Intel Hardware Feedback Interface "HFI" Driver Submitted For Linux 5.18

Written by Michael Larabel in Intel on 21 March 2022 at 02:08 PM EDT. 2 Comments
As expected, the thermal subsystem updates for the in-development Linux 5.18 kernel is bringing the new Hardware Feedback Interface (HFI) for benefiting their hybrid architecture processors as introduced recently with Alder Lake.

The Intel Hardware Feedback Interface is used for communicating performance and energy efficiency capabilities of individual CPU cores of the system. The Linux kernel will utilize the HFI data for improved task placement when deciding where to place tasks among the available CPU cores/threads. Intel engineers have been working on this new Linux driver for the past several months going back to last year.

The Intel HFI driver is to be part of the Linux 5.18 kernel.

The Intel Hardware Feedback Interface power/thermal data is dynamically updated in real-time based on current system conditions and other factors. From the kernel documentation with the new Intel HFI driver:
The Hardware Feedback Interface provides to the operating system information about the performance and energy efficiency of each CPU in the system. Each capability is given as a unit-less quantity in the range [0-255]. Higher values indicate higher capability. Energy efficiency and performance are reported in separate capabilities. Even though on some systems these two metrics may be related, they are specified as independent capabilities in the Intel SDM.

These capabilities may change at runtime as a result of changes in the operating conditions of the system or the action of external factors. The rate at which these capabilities are updated is specific to each processor model. On some models, capabilities are set at boot time and never change. On others, capabilities may change every tens of milliseconds. For instance, a remote mechanism may be used to lower Thermal Design Power. Such change can be reflected in the HFI. Likewise, if the system needs to be throttled due to excessive heat, the HFI may reflect reduced performance on specific CPUs.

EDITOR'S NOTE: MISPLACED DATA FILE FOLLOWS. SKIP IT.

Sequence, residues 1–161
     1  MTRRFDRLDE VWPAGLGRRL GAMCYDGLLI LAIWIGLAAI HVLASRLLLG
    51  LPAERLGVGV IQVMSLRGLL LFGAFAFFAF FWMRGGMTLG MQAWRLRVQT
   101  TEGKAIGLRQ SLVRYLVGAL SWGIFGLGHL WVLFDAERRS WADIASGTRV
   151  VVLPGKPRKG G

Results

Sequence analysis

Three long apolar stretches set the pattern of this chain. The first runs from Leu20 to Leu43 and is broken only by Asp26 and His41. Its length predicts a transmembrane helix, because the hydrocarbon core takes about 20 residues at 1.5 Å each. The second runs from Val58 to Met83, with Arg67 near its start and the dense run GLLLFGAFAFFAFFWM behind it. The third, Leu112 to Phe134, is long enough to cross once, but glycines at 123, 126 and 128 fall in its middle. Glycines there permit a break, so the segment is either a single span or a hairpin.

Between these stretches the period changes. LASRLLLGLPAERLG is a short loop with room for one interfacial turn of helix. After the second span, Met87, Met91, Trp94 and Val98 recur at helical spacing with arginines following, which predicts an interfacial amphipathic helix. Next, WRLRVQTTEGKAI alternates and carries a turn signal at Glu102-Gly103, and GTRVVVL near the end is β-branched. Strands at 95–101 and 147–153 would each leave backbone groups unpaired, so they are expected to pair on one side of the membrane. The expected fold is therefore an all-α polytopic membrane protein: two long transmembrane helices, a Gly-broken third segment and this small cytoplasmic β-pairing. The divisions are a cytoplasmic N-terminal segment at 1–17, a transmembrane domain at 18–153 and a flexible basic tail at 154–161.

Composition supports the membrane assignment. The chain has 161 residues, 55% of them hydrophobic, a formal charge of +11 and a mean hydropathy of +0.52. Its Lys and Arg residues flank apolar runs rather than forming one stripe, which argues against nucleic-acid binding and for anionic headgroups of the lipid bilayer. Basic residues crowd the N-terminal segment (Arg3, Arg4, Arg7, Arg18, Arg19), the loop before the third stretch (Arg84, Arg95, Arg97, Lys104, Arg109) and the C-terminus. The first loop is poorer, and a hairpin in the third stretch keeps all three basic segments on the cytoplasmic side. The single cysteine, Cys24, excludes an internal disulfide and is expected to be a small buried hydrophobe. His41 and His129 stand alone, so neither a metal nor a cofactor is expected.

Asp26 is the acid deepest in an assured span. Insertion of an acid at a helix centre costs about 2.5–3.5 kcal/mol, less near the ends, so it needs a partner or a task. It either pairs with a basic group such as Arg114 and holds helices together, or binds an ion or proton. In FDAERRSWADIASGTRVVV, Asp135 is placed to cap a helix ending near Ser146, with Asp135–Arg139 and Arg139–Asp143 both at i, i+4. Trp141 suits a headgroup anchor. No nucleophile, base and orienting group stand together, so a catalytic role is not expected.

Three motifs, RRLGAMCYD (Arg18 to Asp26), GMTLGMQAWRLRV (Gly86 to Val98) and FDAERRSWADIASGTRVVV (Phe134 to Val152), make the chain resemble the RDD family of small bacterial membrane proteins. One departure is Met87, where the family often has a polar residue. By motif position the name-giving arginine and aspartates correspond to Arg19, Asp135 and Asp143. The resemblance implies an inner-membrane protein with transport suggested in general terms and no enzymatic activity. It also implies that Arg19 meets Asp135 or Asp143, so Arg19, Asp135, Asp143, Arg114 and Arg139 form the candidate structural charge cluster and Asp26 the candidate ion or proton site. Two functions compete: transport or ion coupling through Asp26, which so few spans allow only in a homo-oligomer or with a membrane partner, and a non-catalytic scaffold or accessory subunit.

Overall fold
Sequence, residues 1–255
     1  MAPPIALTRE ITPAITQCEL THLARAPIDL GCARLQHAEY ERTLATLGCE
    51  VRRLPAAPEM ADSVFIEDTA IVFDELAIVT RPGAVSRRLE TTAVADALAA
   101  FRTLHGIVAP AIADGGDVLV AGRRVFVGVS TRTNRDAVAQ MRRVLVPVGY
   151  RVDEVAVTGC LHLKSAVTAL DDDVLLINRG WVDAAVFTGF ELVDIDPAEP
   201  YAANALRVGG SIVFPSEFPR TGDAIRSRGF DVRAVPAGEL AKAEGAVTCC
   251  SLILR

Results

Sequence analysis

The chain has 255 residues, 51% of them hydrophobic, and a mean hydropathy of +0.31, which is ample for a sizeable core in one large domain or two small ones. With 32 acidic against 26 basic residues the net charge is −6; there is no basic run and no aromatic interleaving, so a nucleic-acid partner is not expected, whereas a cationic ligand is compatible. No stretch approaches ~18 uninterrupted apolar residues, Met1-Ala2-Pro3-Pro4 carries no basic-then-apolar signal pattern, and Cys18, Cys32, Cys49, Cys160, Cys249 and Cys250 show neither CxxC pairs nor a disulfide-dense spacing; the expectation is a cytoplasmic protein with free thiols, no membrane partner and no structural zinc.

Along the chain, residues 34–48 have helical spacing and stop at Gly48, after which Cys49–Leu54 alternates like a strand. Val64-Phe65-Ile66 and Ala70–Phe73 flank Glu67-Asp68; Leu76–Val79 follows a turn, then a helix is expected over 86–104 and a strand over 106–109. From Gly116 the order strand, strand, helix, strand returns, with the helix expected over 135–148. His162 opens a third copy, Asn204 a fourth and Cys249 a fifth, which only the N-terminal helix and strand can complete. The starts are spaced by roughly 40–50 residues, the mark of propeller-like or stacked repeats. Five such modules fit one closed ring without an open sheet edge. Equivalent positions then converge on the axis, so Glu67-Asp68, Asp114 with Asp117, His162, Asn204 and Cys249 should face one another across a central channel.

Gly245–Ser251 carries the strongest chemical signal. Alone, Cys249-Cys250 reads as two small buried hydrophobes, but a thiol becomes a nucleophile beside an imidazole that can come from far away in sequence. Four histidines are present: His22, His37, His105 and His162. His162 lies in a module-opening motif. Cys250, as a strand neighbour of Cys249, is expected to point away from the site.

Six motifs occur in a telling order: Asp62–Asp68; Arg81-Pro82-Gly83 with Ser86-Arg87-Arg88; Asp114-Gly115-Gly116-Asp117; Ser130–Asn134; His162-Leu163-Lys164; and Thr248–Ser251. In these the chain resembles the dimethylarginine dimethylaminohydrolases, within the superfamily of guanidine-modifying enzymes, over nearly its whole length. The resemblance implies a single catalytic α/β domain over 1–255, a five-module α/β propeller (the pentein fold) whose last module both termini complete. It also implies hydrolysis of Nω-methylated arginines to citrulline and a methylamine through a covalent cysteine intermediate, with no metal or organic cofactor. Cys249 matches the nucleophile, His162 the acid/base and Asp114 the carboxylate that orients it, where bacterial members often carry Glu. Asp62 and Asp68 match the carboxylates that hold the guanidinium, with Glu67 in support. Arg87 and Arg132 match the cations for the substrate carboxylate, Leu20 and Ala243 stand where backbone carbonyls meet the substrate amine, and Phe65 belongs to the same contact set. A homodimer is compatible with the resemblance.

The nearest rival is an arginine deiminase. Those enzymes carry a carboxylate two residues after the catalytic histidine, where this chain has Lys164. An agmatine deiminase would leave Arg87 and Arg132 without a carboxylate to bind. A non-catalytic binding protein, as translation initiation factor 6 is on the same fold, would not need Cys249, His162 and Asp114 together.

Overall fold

The kernel or a userspace policy daemon can use these capabilities to modify task placement decisions. For instance, if either the performance or energy capabilities of a given logical processor becomes zero, it is an indication that the hardware recommends to the operating system to not schedule any tasks on that processor for performance or energy efficiency reasons, respectively.

The Linux driver for Intel HFI was submitted today as part of the thermal updates for Linux 5.18. Along with the driver itself, the intel-speed-select utility was also updated for handling Intel HFI data. There are also fixes to other thermal drivers and other normal code churn as part of this pull request but Intel HFI is the most notable addition for end-users.
Related News
About The Author
Michael Larabel

Michael Larabel is the principal author of and founded the site in 2004 with a focus on enriching the Linux hardware experience. Michael has written more than 20,000 articles covering the state of Linux hardware support, Linux performance, graphics drivers, and other topics. Michael is also the lead developer of the Phoronix Test Suite, Phoromatic, and automated benchmarking software. He can be followed via Twitter, LinkedIn, or contacted via

Popular News This Week